“It’s a sultry night in July. You’ve fallen asleep in the armchair. Abruptly, you startle awake, disoriented. The television set is on, but not the sound. You strain to understand what you’re seeing.
“Two ghostly white figures in coveralls and helmets are softly dancing under a pitch- black sky. They make strange little skipping motions, which propel them upward amid barely perceptible clouds of dust. But something is wrong. They take too long to come down. Encumbered as they are, they seem to be flying…a little. You rub your eyes, but the dreamlike tableau persists.
“Of all the events surrounding Apollo 11’s landing on the Moon on July 20, 1969, my most vivid recollection is its unreal quality. Neil Armstrong and Buzz Aldrin shuffled along the grey, dusty moon surface, the Earth looming large in their sky. While Michael Collins now the moon’s own moon orbited above them in lonely vigil.”
These words were spoken by Carl Sagan, American astronomer, cosmologist, astrophysicist, astrobiologist and author; but whom is probably most famous for his 13-part television series “Cosmos.”
On July 20, 2019 it’ll be 50 years since that initial moon landing. Though the Apollo missions lasted till Dec. 7, 1972, the one that is remembered most is that initial voyage across the 238,900 miles that separate the Earth from its only naturally occurring satellite, the Moon.
As Neil Armstrong took his first step into the regolith of the Moon, Walter Cronkite removed his glasses in awe and uttered, on-air, “Man on the moon!…Oh, boy…Whew, boy!”
He had said later that he’d hoped to say something more profound, but that it was really all that could be uttered. I don’t really think we can blame him.
Millions of people watched on July 16, 1969 as Apollo 11 launched from the Kennedy Space Center, helped by a Saturn V rocket. The trip took 4 days, 6 hours, and 45 minutes. Four and a quarter days in an aluminum ship set out across a gulf, void of breathable air with temperatures that can vary to horrifying extremes.
As Armstrong stepped from the Eagle (the name for the lunar module) into the Sea of Tranquility, the name given for the sea of flat basalt below the Moon’s highlands, he uttered those famous words, “That’s one small step for man, one giant leap for mankind.”
Though, Armstrong, a Wapakoneta, Ohio native, who died August 25, 2012 in Cincinnati, Ohio would later claim that he had actually said, “That’s one small step for a man…” referring to the single step he was taking that day.
Apollo 11 would effectively end the Space Race, a super-power competition between the Soviet Union’s cosmonauts and the United States astronauts, which started back in ‘55 when the Soviets announced they’d release Sputnik 1, the first artificial satellite to orbit Earth. It launched on Oct. 4, 1957.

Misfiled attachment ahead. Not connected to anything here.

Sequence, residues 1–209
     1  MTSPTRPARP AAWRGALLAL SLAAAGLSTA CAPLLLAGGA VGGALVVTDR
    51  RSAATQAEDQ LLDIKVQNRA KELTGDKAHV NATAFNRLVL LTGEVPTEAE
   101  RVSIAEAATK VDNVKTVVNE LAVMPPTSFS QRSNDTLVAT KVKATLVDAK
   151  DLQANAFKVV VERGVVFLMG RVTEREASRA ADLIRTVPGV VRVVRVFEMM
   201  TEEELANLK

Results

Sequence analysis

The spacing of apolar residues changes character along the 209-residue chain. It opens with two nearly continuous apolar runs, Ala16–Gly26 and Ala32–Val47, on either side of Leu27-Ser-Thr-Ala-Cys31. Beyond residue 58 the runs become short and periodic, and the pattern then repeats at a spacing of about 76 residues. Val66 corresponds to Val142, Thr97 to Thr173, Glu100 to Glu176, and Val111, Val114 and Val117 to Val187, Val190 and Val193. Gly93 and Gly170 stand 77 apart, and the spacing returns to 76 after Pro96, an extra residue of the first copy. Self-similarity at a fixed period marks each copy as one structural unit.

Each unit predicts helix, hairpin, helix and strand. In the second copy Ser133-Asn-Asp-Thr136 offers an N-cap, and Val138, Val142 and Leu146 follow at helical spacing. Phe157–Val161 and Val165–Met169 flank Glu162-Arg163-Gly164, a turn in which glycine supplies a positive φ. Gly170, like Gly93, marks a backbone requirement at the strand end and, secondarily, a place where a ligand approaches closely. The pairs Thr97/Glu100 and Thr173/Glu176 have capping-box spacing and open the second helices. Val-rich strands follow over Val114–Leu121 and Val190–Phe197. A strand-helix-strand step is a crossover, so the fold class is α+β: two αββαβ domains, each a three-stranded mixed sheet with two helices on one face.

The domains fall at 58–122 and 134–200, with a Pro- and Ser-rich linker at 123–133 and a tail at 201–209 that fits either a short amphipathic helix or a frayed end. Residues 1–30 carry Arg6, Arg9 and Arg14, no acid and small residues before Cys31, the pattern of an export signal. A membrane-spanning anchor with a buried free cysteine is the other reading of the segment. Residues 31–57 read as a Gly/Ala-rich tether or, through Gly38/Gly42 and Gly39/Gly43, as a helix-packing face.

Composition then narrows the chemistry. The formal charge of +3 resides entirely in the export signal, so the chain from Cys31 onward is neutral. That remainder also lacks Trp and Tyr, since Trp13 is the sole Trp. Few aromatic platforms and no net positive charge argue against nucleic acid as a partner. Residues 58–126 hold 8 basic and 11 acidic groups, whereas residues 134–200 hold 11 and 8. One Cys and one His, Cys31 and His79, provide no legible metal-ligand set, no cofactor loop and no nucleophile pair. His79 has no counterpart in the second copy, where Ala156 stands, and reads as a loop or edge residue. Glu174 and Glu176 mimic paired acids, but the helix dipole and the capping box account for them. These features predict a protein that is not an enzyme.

Though Armstrong was the first person to step foot on the moon, he was not the first human being to journey out into space. That honor going to Soviet pilot and cosmonaut Yuri Gagarin, whose shuttle, the Vostok 1 spent 108 minutes above the Earth’s atmosphere in a single orbit, before Gargarin parachuted down at 23,000 ft above the Earth’s surface.
“For one priceless moment in the whole history of man, all the people on this Earth are truly one.” said then-President Nixon in a phone call to Armstrong and Aldrin as they were on the moon.
“We choose to go to the moon in this decade and do the other things, not because they are easy, but because they are hard.” said Kennedy, who jump started the goal by declaring that, “This nation should commit itself to achieving the goal, before the decade is out, of landing a man on the moon and returning him safely to Earth.”
In ‘75, in the heat of the Cold War, the Soviets and the U.S. partook in The Apollo and Soyuz Test Project. The goal being to bring a ceremonial end to the Space Race with a joint mission between the world’s two sole space explorers, at that given time.
“It has been said that astronomy is a humbling and character-building experience.” said Sagan in his now infamous Pale Blue Dot speech from “Cosmos.”
“There is perhaps no better demonstration of the folly of human conceits than this distant image of our tiny world. To me, it underscores our responsibility to deal more kindly with one another, and to preserve and cherish the pale blue dot, the only home we’ve ever known.”
CNN’s film department released a documentary chronicling the entire event, which was released back in January at Sundance and went wide in March. Though, if you missed it, do not fret, as it’s currently playing at the IMAX theatre at Wright-Patterson Air Force Base, and will be playing the 20th and 21st at the Plaza theater in Miamisburg.
“Yes, as Armstrong said as he first alighted, this was a historic step for the human species,” said Sagan. “But if you turned off the byplay between Mission Control and the Sea of Tranquility, with its deliberately mundane and routine chatter, and stared into that black-and-white television monitor, you could glimpse that we humans had entered the realm of myth and legend.”
Twelve men have walked on the moon’s dusty, grey surface since 1969. None have since 1972. None have ventured further into the black, empty cosmic infinity beyond.